Prior to my seawatch at the Nose, I paid a few visits to Yarner, hoping for LSW and failing horribly. I also went to a Secret Place and saw a Secret Bird, if you know what I mean [[I really hate having to be so obtuse.]] [[[No, I really do.]]], though not as well as I have in the past, but them's the breaks. My last visit to Yarner, however, was notable in that as we were leaving [for I was with the Folks] I saw something I've been looking for there for a very very long time. I saw my first ever Mandarin on the car park pool in 1986. On Wednesday I saw a pair there. Yes, that's a 26 year wait. We stopped the car and sat there watching them bathing at a very close range for Mandarin [cars do indeed make handy hides].... Absolutely magical. I cannot express how over the moon I was. I mean, come on, 26 years I've been waiting to see a Mandarin at Yarner. Its not like they've not been there, I've missed them by seconds, some times...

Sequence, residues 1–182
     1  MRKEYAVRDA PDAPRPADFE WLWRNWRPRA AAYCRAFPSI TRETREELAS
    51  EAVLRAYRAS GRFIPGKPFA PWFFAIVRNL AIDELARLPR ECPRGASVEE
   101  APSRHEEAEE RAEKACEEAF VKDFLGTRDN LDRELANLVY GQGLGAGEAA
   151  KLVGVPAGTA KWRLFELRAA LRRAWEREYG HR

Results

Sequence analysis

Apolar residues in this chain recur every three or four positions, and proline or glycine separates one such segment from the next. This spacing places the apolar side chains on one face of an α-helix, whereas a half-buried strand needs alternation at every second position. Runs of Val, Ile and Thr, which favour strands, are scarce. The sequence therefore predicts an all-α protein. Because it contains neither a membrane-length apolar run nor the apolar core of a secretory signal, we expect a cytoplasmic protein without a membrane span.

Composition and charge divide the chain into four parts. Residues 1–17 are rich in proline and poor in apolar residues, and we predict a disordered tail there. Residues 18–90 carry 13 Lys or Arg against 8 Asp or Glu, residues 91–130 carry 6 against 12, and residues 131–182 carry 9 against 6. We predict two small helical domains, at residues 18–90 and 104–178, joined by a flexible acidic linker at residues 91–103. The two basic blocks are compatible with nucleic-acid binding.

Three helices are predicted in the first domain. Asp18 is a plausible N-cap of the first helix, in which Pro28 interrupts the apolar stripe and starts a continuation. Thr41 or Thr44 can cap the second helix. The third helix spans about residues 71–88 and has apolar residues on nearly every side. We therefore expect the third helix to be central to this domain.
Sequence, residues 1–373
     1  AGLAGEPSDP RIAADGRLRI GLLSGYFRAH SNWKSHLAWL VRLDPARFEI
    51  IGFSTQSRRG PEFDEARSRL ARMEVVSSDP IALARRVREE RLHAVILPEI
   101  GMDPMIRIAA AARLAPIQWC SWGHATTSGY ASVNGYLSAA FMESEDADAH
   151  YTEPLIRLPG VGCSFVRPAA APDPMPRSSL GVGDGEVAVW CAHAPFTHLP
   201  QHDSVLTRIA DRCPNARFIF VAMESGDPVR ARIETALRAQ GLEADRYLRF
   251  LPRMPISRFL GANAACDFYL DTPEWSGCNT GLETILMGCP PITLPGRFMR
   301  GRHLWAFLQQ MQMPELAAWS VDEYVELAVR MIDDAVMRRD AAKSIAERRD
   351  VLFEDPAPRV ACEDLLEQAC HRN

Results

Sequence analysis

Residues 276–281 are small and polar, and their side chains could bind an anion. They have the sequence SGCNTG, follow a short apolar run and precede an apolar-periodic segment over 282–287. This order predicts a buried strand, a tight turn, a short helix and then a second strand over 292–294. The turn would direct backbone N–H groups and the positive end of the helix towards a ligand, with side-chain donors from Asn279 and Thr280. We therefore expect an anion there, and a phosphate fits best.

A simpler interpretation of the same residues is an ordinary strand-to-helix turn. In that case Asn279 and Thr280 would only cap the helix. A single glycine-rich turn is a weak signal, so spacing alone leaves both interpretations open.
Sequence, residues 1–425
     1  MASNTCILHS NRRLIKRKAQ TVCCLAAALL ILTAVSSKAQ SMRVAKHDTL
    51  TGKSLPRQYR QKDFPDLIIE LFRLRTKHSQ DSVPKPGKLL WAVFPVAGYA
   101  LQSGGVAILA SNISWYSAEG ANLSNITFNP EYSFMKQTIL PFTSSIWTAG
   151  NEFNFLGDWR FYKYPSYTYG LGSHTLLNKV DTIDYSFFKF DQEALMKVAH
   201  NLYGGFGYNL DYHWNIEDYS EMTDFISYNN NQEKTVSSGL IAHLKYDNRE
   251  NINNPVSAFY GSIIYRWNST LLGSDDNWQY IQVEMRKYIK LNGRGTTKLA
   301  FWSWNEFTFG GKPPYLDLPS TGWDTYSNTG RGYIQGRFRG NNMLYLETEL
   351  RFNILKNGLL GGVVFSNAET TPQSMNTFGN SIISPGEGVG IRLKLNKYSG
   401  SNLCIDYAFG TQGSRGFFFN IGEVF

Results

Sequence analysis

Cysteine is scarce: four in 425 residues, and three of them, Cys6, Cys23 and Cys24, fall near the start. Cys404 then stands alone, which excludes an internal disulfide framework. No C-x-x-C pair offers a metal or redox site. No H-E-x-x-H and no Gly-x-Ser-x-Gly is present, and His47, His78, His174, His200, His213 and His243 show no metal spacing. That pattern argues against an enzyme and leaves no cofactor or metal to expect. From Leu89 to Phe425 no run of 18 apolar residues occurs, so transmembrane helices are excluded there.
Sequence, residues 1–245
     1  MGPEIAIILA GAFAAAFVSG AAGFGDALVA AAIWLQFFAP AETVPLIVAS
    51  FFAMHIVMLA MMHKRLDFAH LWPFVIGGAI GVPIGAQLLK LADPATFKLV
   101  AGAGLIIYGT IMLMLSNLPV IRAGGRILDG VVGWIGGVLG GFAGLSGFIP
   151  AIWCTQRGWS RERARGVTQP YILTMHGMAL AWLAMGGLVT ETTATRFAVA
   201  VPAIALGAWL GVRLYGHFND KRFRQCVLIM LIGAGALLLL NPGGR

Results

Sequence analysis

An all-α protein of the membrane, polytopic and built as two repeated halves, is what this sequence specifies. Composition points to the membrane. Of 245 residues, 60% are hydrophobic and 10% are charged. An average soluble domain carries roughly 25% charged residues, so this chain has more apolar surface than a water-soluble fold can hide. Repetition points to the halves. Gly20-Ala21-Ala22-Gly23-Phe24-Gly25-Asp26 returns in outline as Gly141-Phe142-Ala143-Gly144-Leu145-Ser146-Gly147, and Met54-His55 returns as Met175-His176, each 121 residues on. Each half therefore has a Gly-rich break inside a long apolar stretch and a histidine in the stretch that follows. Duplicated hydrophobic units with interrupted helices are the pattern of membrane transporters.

Stuck in among those Yarner visits was a day on't Moor. A Tuesday, no less. I got into Scorhill car park [its very small and fills very fast] - second to last spot - and set off into the brisk westerly. Oh, but it was a good day's walk - most likely the last peaceful day I'll get up there until November, but anyway - with barely a soul in sight. There were still a few Golden Plover knocking around, the biggest flock being 37, and I met Red Grouse twice [ :D ] but other wise the wind and drizzle coming on to light rain kept things subdued. Not that I minded that much, it was wonderful just to be out and up on the tops! From Scorhill I took the usual route out to White Moor Circle, which for once I had all to myself - joy - then it was left hand down a bit, past Hound Tor to Wild Tor for lunch-and-see-what-flies-past. Bugger all was the answer, so onwards up Hangingstone Hill, then right hand down a bit and on to Cranmere Pool.